A Denver woman has become the first human to volunteer their body as a 'digital cadaver'.
Sue Potter, a mother-of-two who died of pneumonia at 87 in 2015, was posthumously frozen and rapidly sliced into 27,000 hair-thin pieces, which were painstakingly preserved over three years, then digitized to teach students.
In the 15 years between pledging her body and her death, Sue recorded everything about her life, describing her lifestyle, feelings, aches, pains and more so that students in years to come can understand the woman behind the medical records they're reading.
During that time, she requested to see the saw that would slice her, the fridge where she'd be stored, and the polyvinyl alcohol that would be poured over her body before it was ground up.
She also requested that she be sawed up to the sound of blaring classical music, surrounded by roses.
Now that the process has been completed, an intimate account of her entire 15-year journey has been published by in the National Geographic's January 2019 issue, The Future Of Medicine, revealing the painstaking work and emotions, and the relationships, behind this scientific feat.
Sue grew up in Nazi Germany, abandoned by her parents who moved to New York and left her with her grandparents. She told National Geographic she has never forgiven them.
She emigrated to New York from Germany after the Second World War, met and married her husband Harry Potter in 1956 and had two daughters.
They later moved to Colorado when Harry retired. It's not clear what happened to Harry, nor how Sue became estranged from her daughters, but by the age of 73 in 2000, Sue was alone.
Health-wise, she'd endured plenty in her seven decades. Sue had diabetes, she'd had melanoma, a brush with breast cancer, and various surgeries under her belt.
In 2000, when she thought she had a year left to live, she read an article about the University of Colorado's Human Simulation Project and their groundbreaking Visible Human project.
Funded by the National Institutes of Health, the team had embalmed and frozen the bodies of one man (a 39-year-old death row convict, Joseph Paul Jernigan, in 1993) and one woman (a 59-year-old who disease of heart disease in Maryland in 1994), which were then sliced up and digitizing for the purpose of educating medical students.
Sue (born Susan Christina Witschel in Germany) wanted to be the third - making her the first living human to volunteer their body as an 'immortal corpse'.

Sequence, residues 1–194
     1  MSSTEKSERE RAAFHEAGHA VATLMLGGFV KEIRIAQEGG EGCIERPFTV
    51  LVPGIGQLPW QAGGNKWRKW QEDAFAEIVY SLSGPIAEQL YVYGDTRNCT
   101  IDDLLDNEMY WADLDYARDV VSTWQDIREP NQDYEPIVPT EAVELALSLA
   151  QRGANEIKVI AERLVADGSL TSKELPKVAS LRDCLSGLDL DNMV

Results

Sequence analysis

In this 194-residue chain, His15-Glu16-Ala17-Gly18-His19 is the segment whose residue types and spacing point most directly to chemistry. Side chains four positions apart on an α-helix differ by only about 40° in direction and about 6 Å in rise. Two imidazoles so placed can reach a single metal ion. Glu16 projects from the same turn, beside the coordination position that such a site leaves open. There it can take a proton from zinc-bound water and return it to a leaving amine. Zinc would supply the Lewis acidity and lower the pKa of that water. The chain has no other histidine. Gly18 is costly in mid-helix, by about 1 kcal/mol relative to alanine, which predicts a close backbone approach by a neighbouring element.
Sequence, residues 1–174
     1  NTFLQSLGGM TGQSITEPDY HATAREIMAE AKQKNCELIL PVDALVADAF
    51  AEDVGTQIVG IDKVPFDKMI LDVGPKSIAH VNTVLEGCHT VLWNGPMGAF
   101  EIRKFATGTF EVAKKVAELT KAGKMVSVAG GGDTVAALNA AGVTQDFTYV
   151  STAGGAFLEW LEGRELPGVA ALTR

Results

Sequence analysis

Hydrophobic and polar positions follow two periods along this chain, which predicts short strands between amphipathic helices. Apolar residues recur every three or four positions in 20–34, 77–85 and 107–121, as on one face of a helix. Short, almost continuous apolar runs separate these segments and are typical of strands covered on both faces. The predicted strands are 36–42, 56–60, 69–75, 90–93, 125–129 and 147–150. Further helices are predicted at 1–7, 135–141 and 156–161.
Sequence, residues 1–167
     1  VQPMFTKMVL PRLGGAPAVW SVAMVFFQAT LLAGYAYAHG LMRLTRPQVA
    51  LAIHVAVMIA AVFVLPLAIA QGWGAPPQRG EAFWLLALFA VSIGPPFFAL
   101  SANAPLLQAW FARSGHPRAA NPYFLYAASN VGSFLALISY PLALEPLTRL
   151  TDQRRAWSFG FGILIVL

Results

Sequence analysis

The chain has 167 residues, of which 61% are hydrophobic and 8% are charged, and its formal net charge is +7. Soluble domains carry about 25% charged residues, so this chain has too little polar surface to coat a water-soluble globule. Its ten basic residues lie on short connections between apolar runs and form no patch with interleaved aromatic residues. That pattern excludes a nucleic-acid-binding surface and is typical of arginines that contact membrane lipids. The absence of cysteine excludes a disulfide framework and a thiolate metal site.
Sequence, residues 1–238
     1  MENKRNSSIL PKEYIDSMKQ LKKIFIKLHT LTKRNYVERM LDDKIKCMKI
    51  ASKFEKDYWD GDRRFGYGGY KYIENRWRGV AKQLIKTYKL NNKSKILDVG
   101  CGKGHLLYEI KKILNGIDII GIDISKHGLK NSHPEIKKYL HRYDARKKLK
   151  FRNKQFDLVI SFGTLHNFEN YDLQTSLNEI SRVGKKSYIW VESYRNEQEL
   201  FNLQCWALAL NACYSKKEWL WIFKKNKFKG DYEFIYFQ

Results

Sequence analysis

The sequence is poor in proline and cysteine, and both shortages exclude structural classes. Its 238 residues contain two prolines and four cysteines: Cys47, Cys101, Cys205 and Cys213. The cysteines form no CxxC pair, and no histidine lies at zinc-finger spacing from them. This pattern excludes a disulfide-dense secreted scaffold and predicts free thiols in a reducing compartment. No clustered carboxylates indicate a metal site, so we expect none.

At first, the team director Dr Vic Spitzer rejected her as too complicated: he was creating models of 'normal' bodies. Sue had diabetes, she'd had melanoma, a brush with breast cancer, and various surgeries under her belt.
Eventually, she won him over - but he had one condition: that she record the rest of her life.
She agreed, and Dr Spitzer contacted National Geographic to do what he imagined would be a one-year recording project.
To everyone's surprise (including Sue's) she lived another 15 years, making it one of the most extensive personal accounts of any patient ever documented in research.
'For her to talk to you about her body and how she felt — her disabilities, which bothered her a lot — that's a different dynamic. That's not learning about her anatomy and physiology, it's learning about her humanity,' Dr Spitzer told ABC, which is screening an accompanying video story about Sue's experience.
From the moment Dr Spitzer agreed, Sue was given a card to have on her person at all times in the event that she died, saying, in part: 'In the event of my death … page Dr. Victor M. Spitzer, Ph.D. … There is a 4-hour window for the remains to be received.'
According to National Geographic's account of Sue, it's no surprise she got her way; she was hardly a retiring character.
'She was a woman of sharp edges, narcissistic, sometimes nasty, but also generous and caring,' author Cathie Newman writes.
While most cases in a project like this would be anonymous, Sue was proud about her involvement, attending conferences and giving lectures.
She loved meeting the students who would one day be analyzing her corpse, 'lectur[ing them] on the need for compassion'. Despite her fierce, demanding character, she became a beloved figure among the students, who wept at her memorial.
She made daily contact with Dr Spitzer, and wanted to see every element of the process. She came in to see every element of the process her body would go through.
And she wanted to direct some of the process, asking the team to saw her body to the sound of classical music, surrounded by roses (they played Mozart's Requiem and painted some roses on the door).
It wasn't simple, as Dr Spitzer had predicted when Sue had first pitched her involvement. She had a titanium rod in her hip due to a hip replacement - so robust that it threatened to destroy the cutting blade. After she was frozen, the hip had to be carefully thawed so Dr Spitzer could pry the prosthesis from her body.
But, technologically, everything was a lot more advanced since the first Visible Human, Joseph Jernigan, was sawed up.
By the time Sue died, they had a saw that can automatically slice hair-thin strips for 24 hours a day at astounding speed.
'Cutting the NIH-funded Visible Human Male into roughly 2,000 slices took Spitzer four months in 1993,' Newman explains. 'Twenty-four years later, Susan Potter was cut into 27,000 slices in 60 days. Next comes the painstaking, time-consuming process of outlining the structures—tissue, organs, vessels—on each digital slice to highlight the skeleton, nerves, and vasculature in exquisite detail. That will take two or three years.'
Looking ahead, Spitzer hopes this is just the start.
'The goal someday is to have enough bodies on your 'bookshelf' that you can pull out the body that makes the most sense to simulate the pathology or procedure,' Spitzer told ABC.
Photos: Linn Johnson National Geographic